My husband and I went to lunch on Friday. We hadn’t had a good morning. It started with the alarm not going off and went downhill from there. So we met at Costco and proceeded to spend an hour sitting in the car just talking to each other.
My husband said some things to me that made me think. He pointed out that everything I do is wrapped up in being a mom. There’s not much that I do for myself outside of working and occasionally reading a book.
At first, I was mad. He doesn’t get it. He doesn’t understand how hard it is to juggle everyone’s schedule, keep everyone happy and still have any time left over for me to even have interests outside my family.
But then I started thinking about what He said. And I started praying about it. And I realized he was right. Sometime in the past few years, I really have lost my own identity. I love my kids. I love being their mom. I love ministering to other moms. But everything I do is really wrapped up in my mom identity. Somewhere I went from being Lori to being just my kids’ mom.
I used to love to bake, scrapbook, do crafts and go out with friends. I can’t tell you when the last time I’ve done any of those things on a regular basis. It takes too much time, effort or money. I used to belong to a book club and take the occasional class. Now, at the end of the day, I really don’t want to go anywhere in the evening if we don’t have practice.
Losing your own identity in your identity as your kids’ mom is dangerous. It’s dangerous to your own personal well-being, and it’s dangerous to your marriage. When everything you do gets wrapped up in your kids, then your relationships outside your mom role suffer. And when your kids are grown, what’s left?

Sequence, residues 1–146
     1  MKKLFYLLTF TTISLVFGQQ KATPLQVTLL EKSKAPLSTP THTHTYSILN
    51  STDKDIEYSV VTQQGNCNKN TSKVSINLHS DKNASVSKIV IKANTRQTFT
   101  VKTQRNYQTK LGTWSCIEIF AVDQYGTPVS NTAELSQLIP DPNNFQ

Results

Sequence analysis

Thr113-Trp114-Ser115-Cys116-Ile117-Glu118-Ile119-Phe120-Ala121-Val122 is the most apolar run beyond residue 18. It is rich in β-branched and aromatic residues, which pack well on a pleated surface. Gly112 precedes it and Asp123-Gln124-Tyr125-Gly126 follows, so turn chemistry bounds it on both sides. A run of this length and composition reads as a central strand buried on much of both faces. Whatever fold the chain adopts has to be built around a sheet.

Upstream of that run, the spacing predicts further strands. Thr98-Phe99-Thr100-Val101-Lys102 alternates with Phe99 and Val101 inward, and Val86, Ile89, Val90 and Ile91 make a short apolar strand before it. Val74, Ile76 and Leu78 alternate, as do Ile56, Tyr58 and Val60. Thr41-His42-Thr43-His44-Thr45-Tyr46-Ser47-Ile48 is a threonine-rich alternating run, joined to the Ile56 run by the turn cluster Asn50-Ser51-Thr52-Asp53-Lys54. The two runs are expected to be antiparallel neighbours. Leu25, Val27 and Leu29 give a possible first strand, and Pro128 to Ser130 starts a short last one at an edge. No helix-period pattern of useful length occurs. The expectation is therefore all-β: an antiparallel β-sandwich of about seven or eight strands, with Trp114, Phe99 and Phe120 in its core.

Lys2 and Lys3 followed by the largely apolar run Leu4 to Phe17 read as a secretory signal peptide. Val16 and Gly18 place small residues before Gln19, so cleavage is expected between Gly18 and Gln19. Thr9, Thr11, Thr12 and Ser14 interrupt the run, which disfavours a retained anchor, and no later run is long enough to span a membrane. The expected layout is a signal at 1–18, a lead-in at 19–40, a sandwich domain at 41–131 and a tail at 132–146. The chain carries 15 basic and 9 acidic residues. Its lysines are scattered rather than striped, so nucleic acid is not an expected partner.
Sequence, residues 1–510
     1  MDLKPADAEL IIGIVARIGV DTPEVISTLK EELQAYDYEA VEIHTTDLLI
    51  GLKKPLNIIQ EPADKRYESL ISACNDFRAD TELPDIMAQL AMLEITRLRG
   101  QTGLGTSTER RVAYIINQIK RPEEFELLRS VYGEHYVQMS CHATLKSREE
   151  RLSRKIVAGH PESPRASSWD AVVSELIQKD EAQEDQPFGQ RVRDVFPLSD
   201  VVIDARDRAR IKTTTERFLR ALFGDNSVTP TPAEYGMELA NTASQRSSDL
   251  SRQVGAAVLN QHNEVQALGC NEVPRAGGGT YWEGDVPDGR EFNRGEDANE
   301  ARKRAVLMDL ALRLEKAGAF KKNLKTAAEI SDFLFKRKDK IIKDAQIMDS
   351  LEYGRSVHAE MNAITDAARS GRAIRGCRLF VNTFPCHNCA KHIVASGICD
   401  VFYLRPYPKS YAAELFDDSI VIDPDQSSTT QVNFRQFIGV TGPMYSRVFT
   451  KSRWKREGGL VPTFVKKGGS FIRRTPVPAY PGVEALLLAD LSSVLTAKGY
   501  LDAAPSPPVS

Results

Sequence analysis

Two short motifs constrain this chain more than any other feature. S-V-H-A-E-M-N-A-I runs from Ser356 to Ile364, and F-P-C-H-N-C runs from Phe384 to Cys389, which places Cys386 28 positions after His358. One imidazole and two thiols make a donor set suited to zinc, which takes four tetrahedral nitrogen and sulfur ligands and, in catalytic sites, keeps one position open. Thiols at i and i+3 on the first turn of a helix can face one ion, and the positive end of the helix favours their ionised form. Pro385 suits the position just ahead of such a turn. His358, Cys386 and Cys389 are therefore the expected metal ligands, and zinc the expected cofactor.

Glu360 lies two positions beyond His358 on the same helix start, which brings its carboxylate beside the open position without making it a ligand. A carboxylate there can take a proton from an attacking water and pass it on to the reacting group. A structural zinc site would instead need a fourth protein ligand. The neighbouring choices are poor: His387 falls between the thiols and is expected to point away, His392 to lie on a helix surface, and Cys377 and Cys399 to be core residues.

So, how do we maintain our own identity even in the midst of being a mom? How do we keep a healthy focus on our kids without losing key pieces of ourselves? As I’m struggling with this myself, I’m not entirely sure, but here’s what I’m doing:
Remember your primary identity is in Christ. We need to remember to identify ourselves first as followers of Jesus. Every other role we hold is secondary to our identity as a child of God. Matthew 6:33 says, “But seek first his kingdom and his righteousness, and all these things will be given to you as well.”
Put your marriage before your kids. Children require time and energy, so much so that a lot of times our spouse gets left out in the cold. We have to prioritize our marriages because that’s the way God set it up. When the kids are grown, your spouse will still be there. If we lose our relationship with our spouse during our kids’ growing up years, then we find ourselves married to a stranger when the kids leave home. Plan date nights, set aside time to talk to each other, laugh together, sit on the couch together. Make time to nurture your marriage.
Pursue some activities that don’t include your kids. Find something you love to do and do it without your kids. It may be working on a craft. It may be studying a subject you want to know more about. It may be going out with friends. Whatever it is, do it on a regular basis. Create the time in your schedule to have interests outside of your kids.
I look at these three things and realize that I’ve not done any of them. Just the thought of trying to find me under all the mommyness is scary. What if I pull those layers back and find there’s not much there? But I know that God didn’t just intend for me to be only a mom. He intended for me to be His child and a wife to my husband. I can’t effectively be either of those things if all of my energy and attention is focused on being a mom.
So, take a close look at your own life today. Are you so wrapped up in being a mom that you’ve completely lost any other identity? How do you feel about that? How does your spouse feel about that? How can you change that? Take a minute and share with us in the comments how you find time to have interests outside of being a mom. And, remember, being a mom is a calling, but it’s not your only calling.